It seems like every week a news story will surface about how horrifying labor abuses in China are proceeding apace. After awhile, it all starts to blend together, since nothing ever changes. But this recent booklet from the Albert Shanker Institute, documenting the growing outburst of wildcat strikes and demonstrations around the country, is worth highlighting. The vignettes are compiled from interviews that labor activist Han Dongfang has done with Chinese workers over the past decade, through his radio show broadcast from Hong Kong. Han, whose personal story is riveting in its own right, gave a talk in D.C. this week where he estimated that strikes, many involving thousands workers, now happen daily in China. Is that a big deal? It might be.
None of these demonstrations involve China's "official" union, the All-China Federation of Trade Unions (which usually just orders the rabble to get back to work). In his talk, Han mentioned something I'd never heard: Although the ACFTU claims to represent 90 percent of Chinese workers, most of said "representation" consists of sending out a fax to newly formed companies, getting back a fax with some names scribbled on it, and putting the form in a filing cabinet. Indeed, the fact that many NGOs are now providing legal aid to workers and doing things the ACFTU should be doing means that state union is increasingly irrelevant.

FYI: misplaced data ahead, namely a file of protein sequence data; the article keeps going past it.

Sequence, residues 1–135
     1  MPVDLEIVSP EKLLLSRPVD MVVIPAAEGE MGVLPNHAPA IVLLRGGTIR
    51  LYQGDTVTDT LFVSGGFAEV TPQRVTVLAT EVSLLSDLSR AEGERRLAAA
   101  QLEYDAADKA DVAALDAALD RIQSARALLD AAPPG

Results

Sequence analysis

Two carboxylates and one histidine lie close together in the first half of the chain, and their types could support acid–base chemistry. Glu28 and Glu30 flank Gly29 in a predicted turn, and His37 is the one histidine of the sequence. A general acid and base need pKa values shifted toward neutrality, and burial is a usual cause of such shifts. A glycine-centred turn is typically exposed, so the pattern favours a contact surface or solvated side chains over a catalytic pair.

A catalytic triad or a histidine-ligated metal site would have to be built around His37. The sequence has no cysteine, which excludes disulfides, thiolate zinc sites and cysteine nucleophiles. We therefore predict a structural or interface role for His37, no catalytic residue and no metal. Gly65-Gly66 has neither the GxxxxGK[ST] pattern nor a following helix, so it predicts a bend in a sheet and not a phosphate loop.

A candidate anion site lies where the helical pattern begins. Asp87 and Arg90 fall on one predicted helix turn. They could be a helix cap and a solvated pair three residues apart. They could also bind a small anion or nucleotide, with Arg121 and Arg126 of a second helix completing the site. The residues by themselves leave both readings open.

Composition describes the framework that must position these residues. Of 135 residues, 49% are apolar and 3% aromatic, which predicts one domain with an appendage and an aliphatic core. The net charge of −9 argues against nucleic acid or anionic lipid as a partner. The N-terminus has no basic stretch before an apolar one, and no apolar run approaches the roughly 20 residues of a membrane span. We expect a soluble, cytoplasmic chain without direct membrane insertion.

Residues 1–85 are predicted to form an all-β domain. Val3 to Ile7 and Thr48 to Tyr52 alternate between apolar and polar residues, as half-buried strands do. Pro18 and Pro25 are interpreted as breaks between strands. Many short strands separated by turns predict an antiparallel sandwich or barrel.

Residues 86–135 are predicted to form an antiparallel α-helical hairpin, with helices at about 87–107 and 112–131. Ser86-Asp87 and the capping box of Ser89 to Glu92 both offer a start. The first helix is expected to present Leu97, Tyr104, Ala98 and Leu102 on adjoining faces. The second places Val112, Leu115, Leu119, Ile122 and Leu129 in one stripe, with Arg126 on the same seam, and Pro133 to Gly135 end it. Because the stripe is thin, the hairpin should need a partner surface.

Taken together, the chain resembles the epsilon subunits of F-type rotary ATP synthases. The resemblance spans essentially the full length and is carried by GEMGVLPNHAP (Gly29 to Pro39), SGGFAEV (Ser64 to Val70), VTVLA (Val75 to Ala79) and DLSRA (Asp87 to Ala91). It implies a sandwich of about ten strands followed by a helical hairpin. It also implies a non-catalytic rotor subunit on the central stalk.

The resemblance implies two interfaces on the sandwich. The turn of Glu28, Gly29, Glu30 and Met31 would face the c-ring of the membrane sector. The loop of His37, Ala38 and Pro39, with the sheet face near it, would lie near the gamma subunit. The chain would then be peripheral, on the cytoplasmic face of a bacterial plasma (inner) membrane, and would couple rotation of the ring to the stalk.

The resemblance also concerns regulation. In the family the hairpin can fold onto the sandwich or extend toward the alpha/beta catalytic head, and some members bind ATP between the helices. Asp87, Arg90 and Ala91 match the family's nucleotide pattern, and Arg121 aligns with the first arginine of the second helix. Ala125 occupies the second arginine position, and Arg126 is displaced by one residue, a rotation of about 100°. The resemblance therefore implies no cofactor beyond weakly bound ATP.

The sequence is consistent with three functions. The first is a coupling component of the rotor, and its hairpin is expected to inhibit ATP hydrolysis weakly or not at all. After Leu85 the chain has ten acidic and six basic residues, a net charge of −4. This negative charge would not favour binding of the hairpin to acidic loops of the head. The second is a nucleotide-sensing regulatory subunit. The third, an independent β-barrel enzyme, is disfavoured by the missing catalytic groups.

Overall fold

Later, I asked Han to what extent the government tolerated these NGOs, and his reply was surprising: Labor violations have gotten so bad over the last two decades (in the Pearl River Delta manufacturing area, 40,000 fingers are broken or lost each year), that even many officials can no longer stomach it. "I don't believe people can be completely heartless," Han insisted. So the government is starting to sanction NGOs that assist workers, so long as they don't challenge the ruling party. Incidentally, Christina Larson of TheWashington Monthlyreported a similar dynamic vis-a-vis green activists in China—environmental degradation has gotten so severe, and Beijing so unable to rein in pollution in the provinces, that civil society groups have been given a freer hand.
Han was particularly eloquent about connecting the lack of bargaining power among Chinese workers with many of the country's other problems. Teachers, for example, have very few rights—especially in rural areas. So, not only are low pay and coerced contracts a recurring phenomenon, but, because teachers lack any sort of organized strength, the education budget, which is usually handled at the township level, frequently gets raided to pay for other priorities—a local industrial park, for instance. As a result, parents can't pay for their children's education, which in turn leads to child labor, and so on.